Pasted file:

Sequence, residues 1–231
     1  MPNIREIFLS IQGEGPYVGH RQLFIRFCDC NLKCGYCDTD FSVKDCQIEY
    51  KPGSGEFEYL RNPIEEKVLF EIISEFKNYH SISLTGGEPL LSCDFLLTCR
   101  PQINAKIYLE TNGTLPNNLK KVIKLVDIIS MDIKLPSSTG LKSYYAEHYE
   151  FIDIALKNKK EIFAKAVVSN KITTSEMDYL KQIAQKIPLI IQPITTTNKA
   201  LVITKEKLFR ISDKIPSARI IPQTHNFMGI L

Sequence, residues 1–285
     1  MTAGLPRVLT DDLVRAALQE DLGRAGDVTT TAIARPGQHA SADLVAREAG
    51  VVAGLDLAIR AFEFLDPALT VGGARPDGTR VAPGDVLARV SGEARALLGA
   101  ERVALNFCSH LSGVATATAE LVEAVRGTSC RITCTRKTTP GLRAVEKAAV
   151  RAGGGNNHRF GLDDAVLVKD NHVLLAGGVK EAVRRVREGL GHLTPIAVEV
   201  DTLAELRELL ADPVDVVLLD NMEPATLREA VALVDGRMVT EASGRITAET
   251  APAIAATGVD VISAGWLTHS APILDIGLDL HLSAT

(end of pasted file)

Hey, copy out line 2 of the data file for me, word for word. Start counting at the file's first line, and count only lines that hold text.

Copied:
     1  MPNIREIFLS IQGEGPYVGH RQLFIRFCDC NLKCGYCDTD FSVKDCQIEY